Tuesday, February 27, 2018

How is the US "war without victory" in Afghanistan?

President Trump announced strategic changes to the conflict in Afghanistan. For experts, however, such do not bring the US closer to victory

US President Donald Trump made a long-awaited announcement this week to unveil his strategy in Afghanistan, an Asian country in which the United States is engaged in a 16-year war with terrorist groups.
Although he has not given any timeline or any other details on the tactical changes, Trump has announced that there is no date for the US military exit and that, from now on, will expand the presence in the country. In addition, it will increase the charges on Pakistan to cooperate and include other countries in this fight, such as India, for example.
Expectations are that the contingent of US troops on Afghan soil , now at 8,400, will rise to 12,500, including troops from an international coalition. According to Trump, the "hasty" exit could contribute to other terrorist groups, such as the Islamic State and the Al Qaeda network filling vacuums in different parts of the country.

Strategy

Trump's move was viewed with caution by experts. First, because it contradicts Trump's positioning, it is always in favor of the withdrawal of troops and the reduction of interventions in other countries, another proof of inconsistencies between their speeches and actions. Second, because this "new approach" to waris anything but new, it can have opposite effects.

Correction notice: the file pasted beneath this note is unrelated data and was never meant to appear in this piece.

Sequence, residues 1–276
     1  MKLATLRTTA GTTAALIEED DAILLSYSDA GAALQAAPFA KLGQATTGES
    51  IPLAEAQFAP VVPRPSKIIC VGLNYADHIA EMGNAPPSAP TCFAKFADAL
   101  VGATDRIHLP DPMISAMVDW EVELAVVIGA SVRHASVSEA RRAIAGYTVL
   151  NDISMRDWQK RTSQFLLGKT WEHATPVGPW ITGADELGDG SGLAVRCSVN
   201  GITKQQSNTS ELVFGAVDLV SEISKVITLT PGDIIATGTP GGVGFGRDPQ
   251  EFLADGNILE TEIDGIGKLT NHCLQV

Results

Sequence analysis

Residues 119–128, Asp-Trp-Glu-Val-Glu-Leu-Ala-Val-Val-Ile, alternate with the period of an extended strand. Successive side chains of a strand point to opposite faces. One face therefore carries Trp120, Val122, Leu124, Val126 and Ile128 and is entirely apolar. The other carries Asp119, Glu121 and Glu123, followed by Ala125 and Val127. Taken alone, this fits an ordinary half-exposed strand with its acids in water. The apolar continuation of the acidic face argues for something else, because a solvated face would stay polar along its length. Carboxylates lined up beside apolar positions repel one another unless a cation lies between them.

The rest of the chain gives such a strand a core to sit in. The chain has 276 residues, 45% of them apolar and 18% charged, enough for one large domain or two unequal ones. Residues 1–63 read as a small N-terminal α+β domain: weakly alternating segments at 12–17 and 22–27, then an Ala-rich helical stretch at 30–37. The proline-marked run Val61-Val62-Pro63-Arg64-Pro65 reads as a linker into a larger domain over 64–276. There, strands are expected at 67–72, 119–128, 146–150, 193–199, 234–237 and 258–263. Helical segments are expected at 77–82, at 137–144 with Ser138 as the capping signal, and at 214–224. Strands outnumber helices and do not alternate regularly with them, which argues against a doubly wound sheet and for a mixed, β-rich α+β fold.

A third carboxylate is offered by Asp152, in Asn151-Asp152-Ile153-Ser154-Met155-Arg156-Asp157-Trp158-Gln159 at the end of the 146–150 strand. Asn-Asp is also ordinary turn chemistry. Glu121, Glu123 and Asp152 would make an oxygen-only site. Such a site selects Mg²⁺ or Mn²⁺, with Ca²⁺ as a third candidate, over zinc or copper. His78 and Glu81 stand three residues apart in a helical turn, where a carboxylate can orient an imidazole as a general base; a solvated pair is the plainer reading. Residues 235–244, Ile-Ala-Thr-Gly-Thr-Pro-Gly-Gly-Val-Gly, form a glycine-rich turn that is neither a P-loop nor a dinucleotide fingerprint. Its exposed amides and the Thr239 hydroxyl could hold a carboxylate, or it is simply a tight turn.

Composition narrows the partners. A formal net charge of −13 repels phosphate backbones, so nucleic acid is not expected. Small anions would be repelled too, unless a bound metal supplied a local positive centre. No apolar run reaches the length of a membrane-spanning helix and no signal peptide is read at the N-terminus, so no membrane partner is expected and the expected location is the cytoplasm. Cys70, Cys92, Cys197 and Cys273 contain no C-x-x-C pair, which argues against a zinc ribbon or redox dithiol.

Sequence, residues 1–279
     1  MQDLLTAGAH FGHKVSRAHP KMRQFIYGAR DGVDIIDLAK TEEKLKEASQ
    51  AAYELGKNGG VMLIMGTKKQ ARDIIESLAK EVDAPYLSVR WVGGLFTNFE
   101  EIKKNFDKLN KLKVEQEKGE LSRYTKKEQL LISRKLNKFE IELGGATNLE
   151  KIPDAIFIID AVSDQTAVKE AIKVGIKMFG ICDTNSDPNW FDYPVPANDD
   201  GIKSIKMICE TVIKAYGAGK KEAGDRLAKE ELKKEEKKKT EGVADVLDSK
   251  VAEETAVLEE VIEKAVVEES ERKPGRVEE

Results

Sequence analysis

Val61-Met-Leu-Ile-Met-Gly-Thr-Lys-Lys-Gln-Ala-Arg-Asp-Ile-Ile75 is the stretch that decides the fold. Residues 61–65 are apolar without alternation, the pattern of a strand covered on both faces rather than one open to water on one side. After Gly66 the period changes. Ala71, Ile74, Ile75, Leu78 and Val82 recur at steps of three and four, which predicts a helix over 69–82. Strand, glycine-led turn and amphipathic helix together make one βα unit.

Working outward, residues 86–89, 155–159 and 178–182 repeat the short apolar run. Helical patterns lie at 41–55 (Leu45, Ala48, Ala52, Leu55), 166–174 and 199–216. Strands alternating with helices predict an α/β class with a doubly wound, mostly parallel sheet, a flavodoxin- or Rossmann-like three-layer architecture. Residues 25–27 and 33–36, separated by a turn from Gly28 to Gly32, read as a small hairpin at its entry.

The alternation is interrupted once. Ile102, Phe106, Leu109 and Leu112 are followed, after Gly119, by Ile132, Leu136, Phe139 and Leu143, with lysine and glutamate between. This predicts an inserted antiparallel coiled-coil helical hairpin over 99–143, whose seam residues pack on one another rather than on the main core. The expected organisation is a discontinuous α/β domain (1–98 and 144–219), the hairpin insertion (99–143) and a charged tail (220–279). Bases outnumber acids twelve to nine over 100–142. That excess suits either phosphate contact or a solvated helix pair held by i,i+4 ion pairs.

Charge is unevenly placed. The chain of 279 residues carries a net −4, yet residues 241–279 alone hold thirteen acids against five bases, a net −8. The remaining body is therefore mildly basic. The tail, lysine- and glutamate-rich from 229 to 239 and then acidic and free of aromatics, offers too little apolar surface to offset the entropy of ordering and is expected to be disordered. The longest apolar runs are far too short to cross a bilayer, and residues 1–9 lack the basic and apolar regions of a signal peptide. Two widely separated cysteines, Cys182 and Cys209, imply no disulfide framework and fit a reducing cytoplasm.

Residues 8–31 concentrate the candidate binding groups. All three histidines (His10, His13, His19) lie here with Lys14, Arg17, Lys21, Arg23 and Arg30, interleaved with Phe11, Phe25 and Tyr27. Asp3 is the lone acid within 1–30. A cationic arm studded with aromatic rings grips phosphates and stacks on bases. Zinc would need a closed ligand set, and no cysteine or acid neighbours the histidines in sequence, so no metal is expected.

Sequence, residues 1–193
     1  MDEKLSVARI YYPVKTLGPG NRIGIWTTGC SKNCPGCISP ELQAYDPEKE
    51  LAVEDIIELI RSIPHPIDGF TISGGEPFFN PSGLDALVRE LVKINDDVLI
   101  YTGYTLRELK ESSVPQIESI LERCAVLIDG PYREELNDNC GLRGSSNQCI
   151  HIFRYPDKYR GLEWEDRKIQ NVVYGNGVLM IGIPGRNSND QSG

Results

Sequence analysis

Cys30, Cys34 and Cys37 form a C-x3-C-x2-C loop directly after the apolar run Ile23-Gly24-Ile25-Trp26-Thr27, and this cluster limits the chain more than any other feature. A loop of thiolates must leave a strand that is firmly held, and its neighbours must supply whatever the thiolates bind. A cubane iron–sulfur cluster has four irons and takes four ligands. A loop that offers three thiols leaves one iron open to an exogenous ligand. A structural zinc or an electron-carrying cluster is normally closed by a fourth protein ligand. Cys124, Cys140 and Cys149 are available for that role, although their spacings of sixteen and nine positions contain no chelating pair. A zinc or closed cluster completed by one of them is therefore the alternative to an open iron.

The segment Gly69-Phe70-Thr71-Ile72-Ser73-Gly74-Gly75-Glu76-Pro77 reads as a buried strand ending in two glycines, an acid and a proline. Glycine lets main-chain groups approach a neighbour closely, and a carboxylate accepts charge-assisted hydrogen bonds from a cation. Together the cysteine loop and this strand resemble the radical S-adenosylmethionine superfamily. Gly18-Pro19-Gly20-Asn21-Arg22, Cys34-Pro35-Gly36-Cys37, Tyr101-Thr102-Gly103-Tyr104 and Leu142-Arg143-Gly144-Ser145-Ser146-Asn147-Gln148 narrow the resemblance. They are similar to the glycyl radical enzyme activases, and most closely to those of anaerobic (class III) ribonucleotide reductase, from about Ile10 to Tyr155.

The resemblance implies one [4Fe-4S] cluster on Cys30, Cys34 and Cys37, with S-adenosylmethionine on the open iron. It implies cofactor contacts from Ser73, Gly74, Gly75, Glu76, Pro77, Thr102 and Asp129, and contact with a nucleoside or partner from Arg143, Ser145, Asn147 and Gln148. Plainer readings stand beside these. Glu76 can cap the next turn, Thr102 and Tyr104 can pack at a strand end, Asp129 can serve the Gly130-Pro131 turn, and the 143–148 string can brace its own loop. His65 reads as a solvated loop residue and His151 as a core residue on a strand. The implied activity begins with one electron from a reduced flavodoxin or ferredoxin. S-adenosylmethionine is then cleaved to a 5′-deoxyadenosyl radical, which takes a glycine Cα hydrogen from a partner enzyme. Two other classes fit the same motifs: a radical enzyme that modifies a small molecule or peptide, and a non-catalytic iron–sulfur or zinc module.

Rolf Mowatt-Larssen, director of the Intelligence and Defense Project at the Belfer Center for Science and International Relations at Harvard University, recalls that the EI, for example, already has a strong presence in Afghanistan.
"More troubling is that by putting more troops on the ground and renewing the perception that we are occupying power or dictating directions to governments, we can attract even more militants from that group or other terrorist groups to the region," Mowatt-Larssen warned. "This is the standard set in the last 16 years," he says.
In the view of James Der Derian, a researcher at the Center for International Security Studies at the University of Sydney, there is no way to fill open spaces in Afghan territory to undermine the activities of the Taliban, the insurgent group that has been active in the country for decades and controls important areas.
"Unless you are willing to commit 300,000 troops, there is no way to fill that vacuum," he says, "this is the harsh reality of Afghanistan and insurgencies in general." He also points out that the Taliban can easily withstand this increase. "They survived worse things," he says. In 2011, the country was home to 100,000 American soldiers.
"The impasse will continue," predicts Daniel L. Byman, a researcher at the Brookings Institution 's Middle East Policy Center , "These additional troops will not give the US a victory or anything close to it," he continues. The conflict in Afghanistan is likely to remain known in American history as "the war without victory."

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